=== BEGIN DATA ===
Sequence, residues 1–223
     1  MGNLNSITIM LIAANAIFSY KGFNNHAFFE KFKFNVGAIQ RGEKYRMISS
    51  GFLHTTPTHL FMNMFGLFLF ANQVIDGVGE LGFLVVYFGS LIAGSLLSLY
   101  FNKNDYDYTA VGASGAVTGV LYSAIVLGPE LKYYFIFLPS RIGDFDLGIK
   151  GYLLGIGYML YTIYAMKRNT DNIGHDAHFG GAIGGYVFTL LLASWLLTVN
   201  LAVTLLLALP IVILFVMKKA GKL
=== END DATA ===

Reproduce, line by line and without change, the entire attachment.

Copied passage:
Sequence, residues 1–223
     1  MGNLNSITIM LIAANAIFSY KGFNNHAFFE KFKFNVGAIQ RGEKYRMISS
    51  GFLHTTPTHL FMNMFGLFLF ANQVIDGVGE LGFLVVYFGS LIAGSLLSLY
   101  FNKNDYDYTA VGASGAVTGV LYSAIVLGPE LKYYFIFLPS RIGDFDLGIK
   151  GYLLGIGYML YTIYAMKRNT DNIGHDAHFG GAIGGYVFTL LLASWLLTVN
   201  LAVTLLLALP IVILFVMKKA GKL